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August 2, 2006

Fall Teaching Topics

I'm still in the earliest stages of thinking about my freshman composition classes this fall. I know that the course will focus on digital media topics, but beyond that most basic framework and a few specific themes, I'm still thinking about specifics. With that in mind, I'll likely be pointing to articles, blog entries, and online videos that seem to raise useful questions. Given that I'm teaching the section of composition that focuses on the research paper, I do think it's worth spending some time discussing both the strengths and weaknesses of Wikipedia with my students, a topic that Alex addresses in some detail in relationship to Stephen Colbert's coining of the term "wikiality," although I think Alex's more important point probably pertains to what he calls Wikipedia's "lumpiness," its tendency to place more emphasis on current events topics.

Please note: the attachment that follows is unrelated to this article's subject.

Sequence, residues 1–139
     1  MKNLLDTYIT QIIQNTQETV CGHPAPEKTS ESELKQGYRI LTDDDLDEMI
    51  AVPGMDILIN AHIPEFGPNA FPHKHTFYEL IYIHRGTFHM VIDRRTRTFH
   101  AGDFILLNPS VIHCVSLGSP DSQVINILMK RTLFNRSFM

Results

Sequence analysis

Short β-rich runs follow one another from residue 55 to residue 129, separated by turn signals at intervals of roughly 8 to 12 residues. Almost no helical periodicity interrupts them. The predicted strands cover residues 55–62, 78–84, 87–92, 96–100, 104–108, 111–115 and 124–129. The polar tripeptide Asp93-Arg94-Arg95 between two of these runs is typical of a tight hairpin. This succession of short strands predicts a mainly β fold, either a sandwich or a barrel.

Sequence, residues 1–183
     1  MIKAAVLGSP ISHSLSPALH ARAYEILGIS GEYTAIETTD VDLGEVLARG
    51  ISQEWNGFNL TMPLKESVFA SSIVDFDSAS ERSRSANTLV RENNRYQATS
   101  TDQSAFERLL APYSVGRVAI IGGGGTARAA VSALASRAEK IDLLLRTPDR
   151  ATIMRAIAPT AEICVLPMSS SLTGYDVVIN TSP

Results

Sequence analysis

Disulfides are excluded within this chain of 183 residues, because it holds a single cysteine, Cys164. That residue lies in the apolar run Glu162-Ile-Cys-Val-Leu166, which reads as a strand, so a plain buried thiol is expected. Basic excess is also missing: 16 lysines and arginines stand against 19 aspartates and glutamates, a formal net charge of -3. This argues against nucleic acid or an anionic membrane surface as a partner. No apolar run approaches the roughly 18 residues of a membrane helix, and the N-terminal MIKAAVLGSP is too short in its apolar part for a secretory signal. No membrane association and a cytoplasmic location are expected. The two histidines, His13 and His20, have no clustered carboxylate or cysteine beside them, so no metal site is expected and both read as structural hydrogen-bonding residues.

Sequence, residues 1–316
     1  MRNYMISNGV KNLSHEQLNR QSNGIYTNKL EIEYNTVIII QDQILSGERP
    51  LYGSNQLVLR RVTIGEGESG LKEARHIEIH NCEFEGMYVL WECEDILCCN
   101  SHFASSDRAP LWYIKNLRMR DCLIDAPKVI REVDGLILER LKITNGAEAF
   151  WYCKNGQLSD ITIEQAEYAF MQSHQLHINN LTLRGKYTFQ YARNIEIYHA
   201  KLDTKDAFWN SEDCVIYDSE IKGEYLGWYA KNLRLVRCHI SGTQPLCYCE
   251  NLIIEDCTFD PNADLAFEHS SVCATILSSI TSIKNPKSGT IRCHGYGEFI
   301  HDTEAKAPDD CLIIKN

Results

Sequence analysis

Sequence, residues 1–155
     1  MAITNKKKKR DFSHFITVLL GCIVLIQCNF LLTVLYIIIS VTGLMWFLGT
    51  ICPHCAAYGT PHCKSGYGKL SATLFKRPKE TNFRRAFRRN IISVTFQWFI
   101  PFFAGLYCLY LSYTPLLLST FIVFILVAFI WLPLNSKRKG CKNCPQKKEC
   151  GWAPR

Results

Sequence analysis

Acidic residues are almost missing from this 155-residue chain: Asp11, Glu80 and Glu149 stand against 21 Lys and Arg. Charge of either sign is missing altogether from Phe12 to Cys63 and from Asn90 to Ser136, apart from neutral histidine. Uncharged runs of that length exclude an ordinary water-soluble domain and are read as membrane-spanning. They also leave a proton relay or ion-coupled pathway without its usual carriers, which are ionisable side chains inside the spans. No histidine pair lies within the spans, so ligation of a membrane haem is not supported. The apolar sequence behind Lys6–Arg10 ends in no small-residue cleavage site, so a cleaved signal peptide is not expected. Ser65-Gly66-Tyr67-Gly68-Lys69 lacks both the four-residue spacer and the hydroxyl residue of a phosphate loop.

I'd also like to spend some time talking with my students about issues of copyright and YouTube offers an interesting case for discussion, as Bob Cringley points out (thanks to Agnes for the link). Cringly notes that while filmmakers who post to YouTube retain ownership of that material, YouTube's license "explicitly gives them the right to do whatever they want with your video. They say they don't have the rights to sell users' content, but the wording says otherwise and there's nothing in the license to prohibit them from doing so." Cringley also speculates about why people feel compelled to post video to YouTube, a question I want to raise as well. I'm sure there isn't an easy (or single) answer to this question, which will hopefully make it an interesting topic to address with students.

Posted by chuck at August 2, 2006 1:38 PM

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